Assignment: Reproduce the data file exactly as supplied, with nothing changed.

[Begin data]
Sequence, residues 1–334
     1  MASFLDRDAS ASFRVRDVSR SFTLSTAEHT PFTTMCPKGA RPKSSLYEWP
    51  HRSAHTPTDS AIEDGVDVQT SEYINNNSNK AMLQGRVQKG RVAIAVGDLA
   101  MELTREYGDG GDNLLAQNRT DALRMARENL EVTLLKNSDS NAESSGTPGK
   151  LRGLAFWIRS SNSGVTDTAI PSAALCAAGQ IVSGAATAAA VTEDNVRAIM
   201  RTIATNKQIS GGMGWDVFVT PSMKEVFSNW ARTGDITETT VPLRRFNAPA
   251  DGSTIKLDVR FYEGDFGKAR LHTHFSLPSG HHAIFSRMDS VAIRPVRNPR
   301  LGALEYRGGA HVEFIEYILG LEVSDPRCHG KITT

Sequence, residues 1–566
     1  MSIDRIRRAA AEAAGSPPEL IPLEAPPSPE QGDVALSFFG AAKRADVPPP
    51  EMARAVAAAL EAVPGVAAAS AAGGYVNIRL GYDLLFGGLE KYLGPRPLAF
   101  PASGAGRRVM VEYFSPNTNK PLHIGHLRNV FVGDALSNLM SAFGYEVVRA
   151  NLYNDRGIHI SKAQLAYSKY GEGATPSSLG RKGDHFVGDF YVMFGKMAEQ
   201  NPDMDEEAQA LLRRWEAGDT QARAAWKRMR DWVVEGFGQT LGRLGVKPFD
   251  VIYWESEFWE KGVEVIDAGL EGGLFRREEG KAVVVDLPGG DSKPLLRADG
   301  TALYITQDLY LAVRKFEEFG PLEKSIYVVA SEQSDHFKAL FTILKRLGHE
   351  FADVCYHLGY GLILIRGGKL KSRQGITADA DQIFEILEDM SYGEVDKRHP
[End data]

Sequence, residues 1–334
     1  MASFLDRDAS ASFRVRDVSR SFTLSTAEHT PFTTMCPKGA RPKSSLYEWP
    51  HRSAHTPTDS AIEDGVDVQT SEYINNNSNK AMLQGRVQKG RVAIAVGDLA
   101  MELTREYGDG GDNLLAQNRT DALRMARENL EVTLLKNSDS NAESSGTPGK
   151  LRGLAFWIRS SNSGVTDTAI PSAALCAAGQ IVSGAATAAA VTEDNVRAIM
   201  RTIATNKQIS GGMGWDVFVT PSMKEVFSNW ARTGDITETT VPLRRFNAPA
   251  DGSTIKLDVR FYEGDFGKAR LHTHFSLPSG HHAIFSRMDS VAIRPVRNPR
   301  LGALEYRGGA HVEFIEYILG LEVSDPRCHG KITT

Sequence, residues 1–566
     1  MSIDRIRRAA AEAAGSPPEL IPLEAPPSPE QGDVALSFFG AAKRADVPPP
    51  EMARAVAAAL EAVPGVAAAS AAGGYVNIRL GYDLLFGGLE KYLGPRPLAF
   101  PASGAGRRVM VEYFSPNTNK PLHIGHLRNV FVGDALSNLM SAFGYEVVRA
   151  NLYNDRGIHI SKAQLAYSKY GEGATPSSLG RKGDHFVGDF YVMFGKMAEQ
   201  NPDMDEEAQA LLRRWEAGDT QARAAWKRMR DWVVEGFGQT LGRLGVKPFD
   251  VIYWESEFWE KGVEVIDAGL EGGLFRREEG KAVVVDLPGG DSKPLLRADG
   301  TALYITQDLY LAVRKFEEFG PLEKSIYVVA SEQSDHFKAL FTILKRLGHE
   351  FADVCYHLGY GLILIRGGKL KSRQGITADA DQIFEILEDM SYGEVDKRHP